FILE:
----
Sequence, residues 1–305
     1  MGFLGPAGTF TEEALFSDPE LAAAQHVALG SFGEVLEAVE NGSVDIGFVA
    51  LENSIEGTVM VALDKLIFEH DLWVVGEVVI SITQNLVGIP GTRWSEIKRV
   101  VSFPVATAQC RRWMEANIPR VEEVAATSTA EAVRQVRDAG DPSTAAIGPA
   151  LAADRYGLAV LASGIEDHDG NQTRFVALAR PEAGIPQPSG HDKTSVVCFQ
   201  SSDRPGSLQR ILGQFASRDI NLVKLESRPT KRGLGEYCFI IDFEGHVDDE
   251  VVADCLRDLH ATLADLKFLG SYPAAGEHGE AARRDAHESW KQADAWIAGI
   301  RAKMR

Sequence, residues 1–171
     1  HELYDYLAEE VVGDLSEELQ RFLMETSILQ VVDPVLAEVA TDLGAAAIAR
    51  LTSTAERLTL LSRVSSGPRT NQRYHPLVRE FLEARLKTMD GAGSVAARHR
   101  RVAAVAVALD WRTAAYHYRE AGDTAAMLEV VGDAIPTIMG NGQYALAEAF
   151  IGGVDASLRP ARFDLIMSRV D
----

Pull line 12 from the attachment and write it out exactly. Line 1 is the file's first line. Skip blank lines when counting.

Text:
   101  RVAAVAVALD WRTAAYHYRE AGDTAAMLEV VGDAIPTIMG NGQYALAEAF